Talking to Myself

In a recent conversation with a doctor friend, a man of considerable intelligence and self-assurance, I found myself repeatedly rambling off topic, following one inciting spark after another. And not just wandering off the initial topic onto another, but cascading from topic to topic. I found myself on several occasions dangling among the twigs and leaves, but had little idea how I had achieved my arboreal dilemma.

Well aware at the time of the communicational problems I was creating for myself, I reflected on what had transpired as I threaded my way home along Lake Street. I seemed to have forgotten how to have an intelligent conversation. I had good ideas, but I had lost my capacity for expressing them at all clearly. No. I had somehow disconnected the ideas, many of which were pithy abstractions, from my skill at discourse, assuming I ever had any of the latter. This was not good. Allegorically—and much of the good thinking has indeed been allegory anyway—it amounted to cognitive constipation. A friendly cup of coffee, had been a harsh brain laxative and had produced an abrupt, barely controlled flow of intellectual crap.

And that wasn’t the only such outpouring of well-founded, poorly produced thought. The week before coffee with my friend, I was in a meeting of which I attend perhaps nine each year of any kind. Concerned with the possibility of our group’s constituents perceiving their privacy violated by an action on the floor, I suggested a strategy for forestalling a negative response. In the face of critical review of my suggestion, I planted my standard and drew sword. Later, realizing that I was neither persuading the opposition of accepting my proposed course of action, nor was I getting them even to grasp my concern, I relented. In that moment of deflating insight, I saw that the constituents would be similarly unlikely, to the committee, to sense any privacy violation. I could see that my fear sprung from a distant possibility, but I had charged ahead.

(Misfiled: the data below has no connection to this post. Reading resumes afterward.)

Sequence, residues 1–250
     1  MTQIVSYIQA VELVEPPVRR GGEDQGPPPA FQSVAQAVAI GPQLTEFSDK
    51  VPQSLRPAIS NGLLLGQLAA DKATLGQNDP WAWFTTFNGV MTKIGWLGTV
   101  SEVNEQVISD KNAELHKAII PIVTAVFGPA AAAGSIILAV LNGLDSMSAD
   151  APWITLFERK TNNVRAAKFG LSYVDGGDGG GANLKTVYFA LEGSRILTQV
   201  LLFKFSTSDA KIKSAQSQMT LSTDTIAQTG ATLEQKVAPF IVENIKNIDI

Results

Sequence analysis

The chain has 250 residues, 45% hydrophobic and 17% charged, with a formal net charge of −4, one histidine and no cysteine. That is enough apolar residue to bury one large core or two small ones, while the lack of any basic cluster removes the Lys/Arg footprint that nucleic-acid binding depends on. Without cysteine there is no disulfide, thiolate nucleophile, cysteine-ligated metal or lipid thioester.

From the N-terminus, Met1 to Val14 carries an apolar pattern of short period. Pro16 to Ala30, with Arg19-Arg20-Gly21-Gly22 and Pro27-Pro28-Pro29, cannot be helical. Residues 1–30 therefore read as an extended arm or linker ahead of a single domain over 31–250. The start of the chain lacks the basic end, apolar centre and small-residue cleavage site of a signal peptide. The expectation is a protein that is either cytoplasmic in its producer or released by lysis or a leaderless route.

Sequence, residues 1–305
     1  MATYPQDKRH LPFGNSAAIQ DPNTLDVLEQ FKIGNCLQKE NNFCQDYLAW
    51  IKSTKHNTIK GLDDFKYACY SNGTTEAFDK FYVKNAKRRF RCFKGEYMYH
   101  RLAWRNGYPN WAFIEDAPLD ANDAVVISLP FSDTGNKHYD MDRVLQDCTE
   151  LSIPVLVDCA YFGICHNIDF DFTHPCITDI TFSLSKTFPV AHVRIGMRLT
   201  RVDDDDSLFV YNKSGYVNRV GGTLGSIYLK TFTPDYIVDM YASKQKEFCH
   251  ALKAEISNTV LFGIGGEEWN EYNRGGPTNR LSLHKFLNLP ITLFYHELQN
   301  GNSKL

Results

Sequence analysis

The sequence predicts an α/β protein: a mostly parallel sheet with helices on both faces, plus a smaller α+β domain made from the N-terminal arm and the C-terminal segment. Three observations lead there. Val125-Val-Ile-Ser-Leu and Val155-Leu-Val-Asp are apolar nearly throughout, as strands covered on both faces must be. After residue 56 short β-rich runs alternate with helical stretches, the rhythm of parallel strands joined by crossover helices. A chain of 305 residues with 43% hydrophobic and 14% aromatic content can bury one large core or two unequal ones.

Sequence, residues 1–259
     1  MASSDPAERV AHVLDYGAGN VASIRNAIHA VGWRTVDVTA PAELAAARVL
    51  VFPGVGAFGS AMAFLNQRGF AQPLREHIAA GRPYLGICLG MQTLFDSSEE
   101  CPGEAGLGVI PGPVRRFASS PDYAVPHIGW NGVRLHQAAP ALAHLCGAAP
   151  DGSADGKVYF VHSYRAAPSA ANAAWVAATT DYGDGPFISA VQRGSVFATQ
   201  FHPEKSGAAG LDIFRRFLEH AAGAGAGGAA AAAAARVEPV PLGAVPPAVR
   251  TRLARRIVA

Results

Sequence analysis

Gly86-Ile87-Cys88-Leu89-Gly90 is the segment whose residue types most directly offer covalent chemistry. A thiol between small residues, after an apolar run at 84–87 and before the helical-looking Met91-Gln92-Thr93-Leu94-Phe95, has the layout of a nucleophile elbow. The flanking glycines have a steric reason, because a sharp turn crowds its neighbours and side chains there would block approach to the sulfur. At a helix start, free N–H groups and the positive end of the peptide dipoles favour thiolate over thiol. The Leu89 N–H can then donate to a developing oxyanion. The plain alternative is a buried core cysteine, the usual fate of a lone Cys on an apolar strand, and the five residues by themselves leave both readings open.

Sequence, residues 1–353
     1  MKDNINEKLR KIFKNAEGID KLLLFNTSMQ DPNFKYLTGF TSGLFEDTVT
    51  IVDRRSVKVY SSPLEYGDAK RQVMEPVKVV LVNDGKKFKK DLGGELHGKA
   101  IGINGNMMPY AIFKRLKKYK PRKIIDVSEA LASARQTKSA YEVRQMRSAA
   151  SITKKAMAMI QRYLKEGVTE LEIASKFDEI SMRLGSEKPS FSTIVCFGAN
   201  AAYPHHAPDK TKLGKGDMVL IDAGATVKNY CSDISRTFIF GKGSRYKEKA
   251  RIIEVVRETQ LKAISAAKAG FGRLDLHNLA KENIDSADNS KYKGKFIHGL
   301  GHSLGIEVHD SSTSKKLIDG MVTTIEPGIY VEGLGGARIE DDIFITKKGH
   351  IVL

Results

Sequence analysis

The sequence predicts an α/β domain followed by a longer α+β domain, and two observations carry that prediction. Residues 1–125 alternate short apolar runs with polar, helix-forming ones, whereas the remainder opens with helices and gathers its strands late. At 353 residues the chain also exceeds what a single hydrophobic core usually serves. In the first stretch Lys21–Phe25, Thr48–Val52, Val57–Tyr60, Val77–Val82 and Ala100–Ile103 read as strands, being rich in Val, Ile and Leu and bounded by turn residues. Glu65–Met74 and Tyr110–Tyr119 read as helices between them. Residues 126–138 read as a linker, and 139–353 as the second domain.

How had I flown so furiously down that dark path? It wasn’t that my fear was unfounded, but only remote, yet it churned into action a deaf passion, not to be reined in and deal to criticism—a stampede of words. Then days later, I found myself over coffee, again astride a runaway train of thoughts. What was becoming of me? I am of an age where considering early onset dementia is not unreasonable. I don’t seem to have this problem when sitting in my recliner, pontificating to the empty chairs across the room on ideas sparked by what I am reading in Erdrich or Hardy or Raabe. And so there it is. Alone, I am privately coherent. While in conversation, disjointed in context, thought and word, I have been called upon to merge these, unsuccessfully, into public coherence.

When my neighbor asks me what a flower is in my garden, I am occasionally stuck for the name of the thing. I know what it is, when it will bloom and how to treat it. I just never say its name out loud when I do these things. So I have pushed its name-words down, beneath more pressing, and non-lexical, information. I know that I often think in the conceptual without dipping into the symbolic. I see a pattern here, and patterns are big with my understanding of things. In my head, in my reading, in my garden, I am fully functional. I can manage, arrange and cross-connect the material, temporal and abstract realms just fine, but when I apply the word producing rhetorical processes into these, I find my results faltering. I have craft in expressing ideas, observations and understandings into words, given time and an editor’s pen. However, I need to practice this craft so that I can fluidly call upon it. There may be some slowing of the processes, due to aging, that bring these rhetorical skills on line, but the skills are still there. Using them well will require more practice before and more time when I need them.

I must therefore write more, for my brain’s sake. Moreover, I must write about how I can communicate my thoughts more effectively, for everyone else’s sake. I have recently started a list of things I think about. I will add “how I can communicate my thoughts more effectively” to that list. I can use this list to prompt more writing. I hope by this means to refine my rhetorical skills and at the same time, apply them to some of my most abstract thinking. I hope by this to keep my brain working well, longer and to make a conversation with me more coherent and perhaps enjoyable.

To do these things, I must simply get out more. I spend too much time alone.

Advertisements

About Jay C Ritterson
If I say nothing, it might be that I have nothing to say.

Leave a Reply

Fill in your details below or click an icon to log in:

WordPress.com Logo

You are commenting using your WordPress.com account. Log Out / Change )

Twitter picture

You are commenting using your Twitter account. Log Out / Change )

Facebook photo

You are commenting using your Facebook account. Log Out / Change )

Google+ photo

You are commenting using your Google+ account. Log Out / Change )

Connecting to %s

%d bloggers like this: